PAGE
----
Apple earlier this year fixed a security vulnerability in iOS and macOS that could have potentially allowed an attacker to gain unauthorised access to a user’s iCloud account.
Uncovered in February by Thijs Alkemade, a security specialist at IT security firm Computest, the flaw resided in Apple’s implementation of TouchID (or FaceID) biometric feature that authenticated users to log in to websites on Safari, specifically those that use Apple ID logins.
After the issue was reported to Apple through their responsible disclosure program, the iPhone maker addressed the vulnerability in a server-side update.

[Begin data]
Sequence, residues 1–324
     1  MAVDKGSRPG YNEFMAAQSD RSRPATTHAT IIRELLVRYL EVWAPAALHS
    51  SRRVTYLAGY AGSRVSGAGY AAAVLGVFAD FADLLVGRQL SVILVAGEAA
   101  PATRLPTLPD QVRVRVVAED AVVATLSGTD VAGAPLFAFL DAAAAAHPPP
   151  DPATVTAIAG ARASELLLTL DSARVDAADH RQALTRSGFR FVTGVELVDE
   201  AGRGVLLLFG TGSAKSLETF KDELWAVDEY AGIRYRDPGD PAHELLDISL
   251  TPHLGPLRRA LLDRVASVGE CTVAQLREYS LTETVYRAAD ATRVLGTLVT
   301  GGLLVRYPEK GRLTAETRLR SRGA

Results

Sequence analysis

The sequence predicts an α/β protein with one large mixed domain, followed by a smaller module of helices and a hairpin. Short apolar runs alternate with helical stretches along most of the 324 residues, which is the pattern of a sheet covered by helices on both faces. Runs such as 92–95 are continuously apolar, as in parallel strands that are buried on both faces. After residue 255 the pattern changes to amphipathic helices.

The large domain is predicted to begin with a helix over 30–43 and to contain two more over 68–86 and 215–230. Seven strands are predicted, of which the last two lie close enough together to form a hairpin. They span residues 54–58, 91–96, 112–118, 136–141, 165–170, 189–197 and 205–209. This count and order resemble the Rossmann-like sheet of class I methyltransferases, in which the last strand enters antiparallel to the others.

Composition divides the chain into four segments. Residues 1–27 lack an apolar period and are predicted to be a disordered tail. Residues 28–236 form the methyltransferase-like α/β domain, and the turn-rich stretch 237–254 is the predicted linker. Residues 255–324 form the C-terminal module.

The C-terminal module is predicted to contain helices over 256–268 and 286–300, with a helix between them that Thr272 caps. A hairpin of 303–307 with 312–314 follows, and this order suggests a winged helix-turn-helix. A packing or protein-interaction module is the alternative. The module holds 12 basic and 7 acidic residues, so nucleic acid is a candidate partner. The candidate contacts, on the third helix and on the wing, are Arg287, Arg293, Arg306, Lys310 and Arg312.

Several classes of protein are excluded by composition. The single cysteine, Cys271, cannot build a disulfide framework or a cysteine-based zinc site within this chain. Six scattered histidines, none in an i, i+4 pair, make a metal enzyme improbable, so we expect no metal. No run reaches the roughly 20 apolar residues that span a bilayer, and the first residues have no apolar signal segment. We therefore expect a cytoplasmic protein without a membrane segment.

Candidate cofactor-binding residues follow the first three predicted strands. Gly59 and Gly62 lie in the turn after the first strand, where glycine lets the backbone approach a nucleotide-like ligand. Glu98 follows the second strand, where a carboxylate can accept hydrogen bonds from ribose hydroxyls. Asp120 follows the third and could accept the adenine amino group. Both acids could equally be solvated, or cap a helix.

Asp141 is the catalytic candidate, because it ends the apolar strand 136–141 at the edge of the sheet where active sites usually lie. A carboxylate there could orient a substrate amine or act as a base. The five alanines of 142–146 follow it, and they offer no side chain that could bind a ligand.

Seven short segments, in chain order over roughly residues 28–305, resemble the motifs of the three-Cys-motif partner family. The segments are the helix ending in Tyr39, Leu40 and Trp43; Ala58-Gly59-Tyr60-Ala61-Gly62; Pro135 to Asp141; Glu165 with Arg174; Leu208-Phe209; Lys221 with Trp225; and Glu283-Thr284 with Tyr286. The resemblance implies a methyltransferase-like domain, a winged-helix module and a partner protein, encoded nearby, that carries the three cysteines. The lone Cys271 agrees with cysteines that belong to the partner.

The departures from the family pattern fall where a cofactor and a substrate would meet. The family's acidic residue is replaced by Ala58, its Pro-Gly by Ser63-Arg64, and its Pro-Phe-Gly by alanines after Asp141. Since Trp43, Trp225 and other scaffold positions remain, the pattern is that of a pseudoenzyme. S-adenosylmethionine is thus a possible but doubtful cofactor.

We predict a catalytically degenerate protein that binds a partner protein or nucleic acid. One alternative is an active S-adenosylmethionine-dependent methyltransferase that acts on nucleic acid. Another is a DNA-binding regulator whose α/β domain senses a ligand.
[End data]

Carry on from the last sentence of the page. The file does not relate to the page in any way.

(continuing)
An Authentication Flaw
The central premise of the flaw is as follows. When users try to sign in to a website that requires an Apple ID, a prompt is displayed to authenticate the login using Touch ID. Doing so skips the two-factor authentication step since it already leverages a combination of factors for identification, such as the device (something you have) and the biometric information (something you are).
Contrast this during logins to Apple domains (e.g. “icloud.com”) the usual way with an ID and password, wherein the website embeds an iframe pointing to Apple’s login validation server (“https://idmsa.apple.com”), which handles the authentication process.
images from Hacker News